Expedition Features

These expedition features provide updates and reflections on experiences, science, technology, and other elements of the Our Submerged Past expedition. View Expedition Overview

What is microdebitage?

August 28, 2023

Microdebitage refers to small fragments, less than one millimeter in size, produced when stone tools are created. These fragments can help archaeologists identify areas where stone tools were made, which in turn can help to locate archaeological sites in areas that could not be excavated by traditional methods, including underwater sites.

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How Southeast Alaska is Essential for the Peopling of the Americas

August 22, 2023

During the Our Submerged Past: Exploring Inundated Late Pleistocene (10,600 - 17,000 years ago) Caves in Southeast Alaska with Sunfish expedition, the team searched for submerged entrances to ancient caves and rock shelters that would have been accessible to early inhabitants of the region.

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Our Submerged Past: An Internship Experience

August 9, 2023

From May 24 to June 11, 2023, Taylor Heaton worked with the Our Submerged Past: Exploring Inundated Late Pleistocene (10,600 - 17,000 years ago) Caves in Southeast Alaska expedition team as an intern with the Sealaska Heritage Institute.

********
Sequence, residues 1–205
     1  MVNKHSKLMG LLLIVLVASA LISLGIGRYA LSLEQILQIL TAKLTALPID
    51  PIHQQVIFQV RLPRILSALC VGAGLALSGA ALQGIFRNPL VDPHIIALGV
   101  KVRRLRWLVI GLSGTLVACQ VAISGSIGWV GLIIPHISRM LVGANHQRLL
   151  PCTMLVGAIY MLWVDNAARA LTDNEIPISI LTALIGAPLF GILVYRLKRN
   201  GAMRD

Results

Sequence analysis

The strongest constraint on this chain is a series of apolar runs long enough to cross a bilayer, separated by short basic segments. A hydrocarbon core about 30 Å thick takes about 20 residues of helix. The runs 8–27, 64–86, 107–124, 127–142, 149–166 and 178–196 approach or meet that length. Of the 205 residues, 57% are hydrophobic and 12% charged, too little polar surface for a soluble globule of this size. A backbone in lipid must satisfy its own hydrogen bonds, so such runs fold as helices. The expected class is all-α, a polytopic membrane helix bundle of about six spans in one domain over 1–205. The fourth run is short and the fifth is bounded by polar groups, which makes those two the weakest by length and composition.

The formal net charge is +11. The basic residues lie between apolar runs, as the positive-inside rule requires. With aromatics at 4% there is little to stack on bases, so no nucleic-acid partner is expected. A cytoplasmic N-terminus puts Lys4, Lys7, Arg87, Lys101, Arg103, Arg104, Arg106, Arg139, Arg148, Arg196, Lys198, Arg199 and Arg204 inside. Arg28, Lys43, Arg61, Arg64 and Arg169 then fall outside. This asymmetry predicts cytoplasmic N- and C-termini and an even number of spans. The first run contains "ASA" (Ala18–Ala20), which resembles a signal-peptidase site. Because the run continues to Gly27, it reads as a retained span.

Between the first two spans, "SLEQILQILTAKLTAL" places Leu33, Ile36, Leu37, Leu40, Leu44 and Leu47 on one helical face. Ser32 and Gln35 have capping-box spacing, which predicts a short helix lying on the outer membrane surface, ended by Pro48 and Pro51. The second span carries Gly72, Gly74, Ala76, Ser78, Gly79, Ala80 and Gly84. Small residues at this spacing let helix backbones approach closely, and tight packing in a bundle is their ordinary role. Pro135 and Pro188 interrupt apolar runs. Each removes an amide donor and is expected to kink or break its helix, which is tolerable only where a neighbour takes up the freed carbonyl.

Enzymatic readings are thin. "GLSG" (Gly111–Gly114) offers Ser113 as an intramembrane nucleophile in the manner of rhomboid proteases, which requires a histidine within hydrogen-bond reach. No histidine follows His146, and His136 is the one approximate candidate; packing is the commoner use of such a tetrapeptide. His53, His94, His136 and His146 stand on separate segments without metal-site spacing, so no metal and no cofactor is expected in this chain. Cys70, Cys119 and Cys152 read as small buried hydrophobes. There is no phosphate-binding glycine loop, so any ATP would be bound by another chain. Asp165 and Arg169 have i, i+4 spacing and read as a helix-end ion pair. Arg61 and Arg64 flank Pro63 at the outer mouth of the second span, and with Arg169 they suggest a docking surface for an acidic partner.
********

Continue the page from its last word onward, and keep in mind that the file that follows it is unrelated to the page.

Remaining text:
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Our Submerged Past 2023 Field Summary

July 26, 2023

From May 25 through June 10, 2023, our team of Indigenous Alaskans, local community members, and scientists explored and sampled the continental shelf west of Prince of Wales Island in southeast Alaska.

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SUNFISH® Autonomous Underwater Vehicle

May 23, 2023

Underwater caves are some of the most difficult places on this planet for us to explore. Unlocking the secrets of such difficult-to-access, uncharted features requires cutting-edge technology, and that’s where the SUNFISH® autonomous underwater vehicle comes in.

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Sealaska Heritage Institute to Sponsor Lecture by Archaeologist Detailing Discovery of Ancient Stone Fish Weir

December 8, 2022

In her lecture, underwater archaeologist Dr. Kelly Monteleone will expound upon the research team’s significant find, which is the oldest stone weir ever found in the world. The trap is estimated to date to at least 11,100 years ago.

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Scientists Discover Ancient Underwater Fish Weir in Southeast Alaska

October 21, 2022

A team of scientists exploring an underwater region of southern Southeast Alaska has discovered what might be the oldest stone fish weir ever found in the world.

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Year 1 Expedition Update

June 23, 2022

We have just returned from three weeks of surveying in southeast Alaska. We had amazing weather. The image below is of Cape Addington’s Roller Bay on the southwest side of Noyes Island. The morning fog would evaporate to reveal a beautiful flat ocean, though, on this day, the ocean swell off the Pacific made things more difficult.

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